TCP_MD5 (RFC 2385) is something that doesn’t come up often. There’s a couple fo reasons for that, good and bad.

I used it with tlssh, but this should explain why I didn’t enable it by default.

What it is

In short it’s a TCP option that adds an MD5-based signature to every TCP packet. It signs the source and destination IP address, and the ports, and the payload. That way the data is both authenticated and integrity protected.

When an endpoint enables TCP MD5, all unsigned packets (including SYN packets) are silently dropped. For a signed connection it’s not even possible for an eavesdropper to reset the connection, since the RST would need to be signed.

It’s used by the BGP protocol to set a password on the connection, instead of sending the password in the handshake. If the password doesn’t match the TCP connection doesn’t even establish.

But outside of BGP it’s essentially not used, which is a shame. If we could enable it for any TCP service it’d add a preshared key and completely replace the silly port knocking. It probably couldn’t replace user passwords, but it could add a layer and greatly reduce attack surface much more than, say, a TLS certificate.

The bad reason it’s not used

It’s MD5. Sure, MD5 still doesn’t have any preimage attack. Well, none that’s feasible anyway.

So that should be fine. And if not then there’s already TCP AO which is about the same but with other algorithms.

The more real reasons

1. It’s impossible to use on Linux for most applications

I think this is the biggest reason it’s not used for playing around. This is the Linux API:

const char* password = "hello";
struct tcp_md5sig sig;
memset(&sig, 0, sizeof(sig));
memcpy(&sig.tcpm_addr, peer_sockaddr, sizeof(struct sockaddr_storage));
sig.tcpm_keylen = std::min(TCP_MD5SIG_MAXKEYLEN, strlen(password));
memcpy(sig.tcpm_key, Sflag_password, sig.tcpm_keylen);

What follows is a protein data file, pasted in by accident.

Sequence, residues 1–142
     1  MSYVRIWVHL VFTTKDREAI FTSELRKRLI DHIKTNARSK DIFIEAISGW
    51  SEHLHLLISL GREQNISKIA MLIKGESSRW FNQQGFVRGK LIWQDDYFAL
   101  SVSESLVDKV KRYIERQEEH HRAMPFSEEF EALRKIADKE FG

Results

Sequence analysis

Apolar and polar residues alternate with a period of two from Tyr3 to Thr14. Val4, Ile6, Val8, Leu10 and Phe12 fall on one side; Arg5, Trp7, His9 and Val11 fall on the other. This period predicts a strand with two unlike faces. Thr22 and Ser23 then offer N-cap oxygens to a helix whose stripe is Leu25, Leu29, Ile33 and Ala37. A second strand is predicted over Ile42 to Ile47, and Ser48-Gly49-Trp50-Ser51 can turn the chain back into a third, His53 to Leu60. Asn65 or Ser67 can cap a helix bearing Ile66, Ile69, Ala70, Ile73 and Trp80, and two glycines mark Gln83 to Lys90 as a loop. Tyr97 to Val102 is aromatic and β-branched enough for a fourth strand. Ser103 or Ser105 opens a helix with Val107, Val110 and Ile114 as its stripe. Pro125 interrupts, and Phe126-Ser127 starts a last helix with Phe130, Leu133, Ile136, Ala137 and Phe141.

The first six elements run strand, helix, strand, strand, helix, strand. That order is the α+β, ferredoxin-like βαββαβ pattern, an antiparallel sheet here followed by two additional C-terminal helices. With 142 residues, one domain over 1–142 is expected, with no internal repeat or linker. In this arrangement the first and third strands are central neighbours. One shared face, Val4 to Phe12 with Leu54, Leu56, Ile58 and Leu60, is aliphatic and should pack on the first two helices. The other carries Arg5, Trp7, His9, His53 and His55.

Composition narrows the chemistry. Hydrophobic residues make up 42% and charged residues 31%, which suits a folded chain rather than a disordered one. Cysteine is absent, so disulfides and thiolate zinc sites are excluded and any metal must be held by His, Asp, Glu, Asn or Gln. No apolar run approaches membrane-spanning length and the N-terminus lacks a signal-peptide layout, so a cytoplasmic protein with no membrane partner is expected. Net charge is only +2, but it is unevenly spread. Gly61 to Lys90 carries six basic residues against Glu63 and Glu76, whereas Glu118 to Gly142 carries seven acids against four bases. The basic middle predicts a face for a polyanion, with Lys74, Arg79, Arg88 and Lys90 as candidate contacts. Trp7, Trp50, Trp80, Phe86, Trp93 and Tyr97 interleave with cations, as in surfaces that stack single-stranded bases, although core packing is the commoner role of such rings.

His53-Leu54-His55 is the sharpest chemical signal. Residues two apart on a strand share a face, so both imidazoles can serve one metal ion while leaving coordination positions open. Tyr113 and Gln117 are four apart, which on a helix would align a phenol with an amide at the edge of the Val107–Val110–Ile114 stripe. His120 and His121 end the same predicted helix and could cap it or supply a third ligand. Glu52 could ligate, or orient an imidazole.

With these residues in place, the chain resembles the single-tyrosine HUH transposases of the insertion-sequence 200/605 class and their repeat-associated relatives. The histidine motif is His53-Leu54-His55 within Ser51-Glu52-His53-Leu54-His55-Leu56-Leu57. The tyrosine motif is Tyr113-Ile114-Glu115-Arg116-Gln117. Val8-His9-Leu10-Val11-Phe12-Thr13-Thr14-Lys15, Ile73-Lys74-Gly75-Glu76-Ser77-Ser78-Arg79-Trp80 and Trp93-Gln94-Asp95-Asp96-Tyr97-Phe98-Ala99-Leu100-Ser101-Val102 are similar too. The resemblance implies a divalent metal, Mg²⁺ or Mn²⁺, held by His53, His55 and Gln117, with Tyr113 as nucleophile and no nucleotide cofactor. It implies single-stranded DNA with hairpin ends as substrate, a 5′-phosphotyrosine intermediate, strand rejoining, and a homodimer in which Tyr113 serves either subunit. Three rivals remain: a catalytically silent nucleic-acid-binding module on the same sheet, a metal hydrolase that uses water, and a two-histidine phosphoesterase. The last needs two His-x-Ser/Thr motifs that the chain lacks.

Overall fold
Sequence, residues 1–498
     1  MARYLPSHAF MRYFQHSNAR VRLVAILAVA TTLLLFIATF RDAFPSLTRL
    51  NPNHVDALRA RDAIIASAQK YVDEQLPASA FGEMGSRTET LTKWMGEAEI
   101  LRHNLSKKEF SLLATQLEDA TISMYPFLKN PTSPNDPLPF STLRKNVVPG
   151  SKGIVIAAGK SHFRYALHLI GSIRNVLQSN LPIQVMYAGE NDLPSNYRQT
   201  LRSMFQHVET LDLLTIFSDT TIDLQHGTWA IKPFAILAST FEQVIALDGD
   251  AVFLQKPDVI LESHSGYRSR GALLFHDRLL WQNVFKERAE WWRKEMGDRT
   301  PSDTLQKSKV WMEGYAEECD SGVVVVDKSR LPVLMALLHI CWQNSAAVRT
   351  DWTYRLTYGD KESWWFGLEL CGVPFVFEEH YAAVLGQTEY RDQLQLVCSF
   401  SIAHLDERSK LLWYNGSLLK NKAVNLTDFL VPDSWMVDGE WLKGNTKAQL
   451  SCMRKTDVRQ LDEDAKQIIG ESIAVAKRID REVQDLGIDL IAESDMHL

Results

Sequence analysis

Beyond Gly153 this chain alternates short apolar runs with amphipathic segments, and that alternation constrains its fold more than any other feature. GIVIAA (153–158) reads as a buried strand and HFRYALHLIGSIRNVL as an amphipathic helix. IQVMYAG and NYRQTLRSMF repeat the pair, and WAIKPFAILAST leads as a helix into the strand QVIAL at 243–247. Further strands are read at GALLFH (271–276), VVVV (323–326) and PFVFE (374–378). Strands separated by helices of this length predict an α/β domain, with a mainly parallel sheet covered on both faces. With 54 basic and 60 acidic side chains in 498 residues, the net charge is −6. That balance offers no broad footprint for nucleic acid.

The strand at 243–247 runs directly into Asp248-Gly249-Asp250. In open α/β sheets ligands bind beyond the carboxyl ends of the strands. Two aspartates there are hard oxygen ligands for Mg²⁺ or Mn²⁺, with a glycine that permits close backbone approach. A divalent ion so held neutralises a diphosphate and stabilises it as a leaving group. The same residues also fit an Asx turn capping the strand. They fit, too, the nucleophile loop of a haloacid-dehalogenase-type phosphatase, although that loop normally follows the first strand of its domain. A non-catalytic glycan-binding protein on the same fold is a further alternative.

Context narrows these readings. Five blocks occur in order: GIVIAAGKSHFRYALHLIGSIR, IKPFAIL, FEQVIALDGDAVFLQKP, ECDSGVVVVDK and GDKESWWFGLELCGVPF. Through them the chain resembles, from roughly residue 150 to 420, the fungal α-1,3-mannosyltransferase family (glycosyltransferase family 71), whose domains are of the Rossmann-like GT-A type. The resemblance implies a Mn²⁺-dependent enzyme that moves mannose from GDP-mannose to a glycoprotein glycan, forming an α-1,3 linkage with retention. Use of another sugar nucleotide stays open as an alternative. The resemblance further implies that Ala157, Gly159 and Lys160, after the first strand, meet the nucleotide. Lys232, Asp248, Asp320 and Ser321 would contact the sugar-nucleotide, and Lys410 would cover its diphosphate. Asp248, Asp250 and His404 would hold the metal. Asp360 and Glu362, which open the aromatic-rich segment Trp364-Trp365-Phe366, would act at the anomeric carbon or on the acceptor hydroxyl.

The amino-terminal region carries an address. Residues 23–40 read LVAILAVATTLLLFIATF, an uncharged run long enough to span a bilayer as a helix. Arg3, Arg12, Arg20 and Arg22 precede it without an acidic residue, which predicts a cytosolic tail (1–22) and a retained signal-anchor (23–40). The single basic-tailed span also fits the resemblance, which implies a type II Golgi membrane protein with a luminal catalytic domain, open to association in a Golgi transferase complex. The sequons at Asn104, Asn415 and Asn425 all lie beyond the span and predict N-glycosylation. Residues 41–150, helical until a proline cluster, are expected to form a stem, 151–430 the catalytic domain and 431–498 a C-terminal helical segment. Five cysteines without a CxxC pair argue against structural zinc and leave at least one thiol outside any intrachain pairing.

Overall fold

if (setsockopt(s, IPPROTO_TCP, TCP_MD5SIG, &sig, sizeof(sig)) == -1) {
  fprintf(stderr, "Failed to setsockopt(): %s\n", strerror(errno));
  exit(1);
}

See the problem? Yeah. You need to know the address and port of the remote end. So it’s fine for clients, but not so much for servers. BGP doesn’t really have clients and servers, so it works fine there.

You can actually make this work, and it’s what I did with tlssh: You enable TCP MD5 immediately after the connection is established. If the two ends don’t have the same password set, then no packets will go through in either direction, and the connections will just time out. Not the best experience.

On OpenBSD it’s much easier. You set up the TCP MD5 as a security association between the two hosts, and then the program just enables MD5 on the socket. And it “just works” on both the client and the server. Well, a bit annoying that the key is set in hex.

# cat > /etc/tcpmd5.conf
tcpmd5 from 2001:db8::1111 to 2001:db8::2222 spi 0x100 authkey 0x68656c6c6f
tcpmd5 from 2001:db8::2222 to 2001:db8::1111 spi 0x101 authkey 0x68656c6c6f
^D
# ipsecctl -f /etc/tcpmd5.conf
const int on = 1;
if (setsockopt(s, IPPROTO_TCP, TCP_MD5SIG, &on, sizeof(on)) == -1) {
  fprintf(stderr, "Failed to setsockopt(): %s\n", strerror(errno));
  exit(1);
}

Or with netcat just use the -S option (but the password still needs to be set in the config).

But yes even on OpenBSD it doesn’t really mesh well with adding TCP MD5 to any and all programs. Even if you set up the Security Association inside your program instead of in your config it seems more a state of the system than a state of your connection. Which makes some sense with BGP, but almost nothing else.

2. It doesn’t work through NAT

Because it signs the source and destination address. This is getting to be less and less of an issue as the world goes IPv6.

Again, was never really a problem for BGP.

My wish

If Linux could have an API for enabling TCP MD5 on the server side for “any” peer address, that’d be great.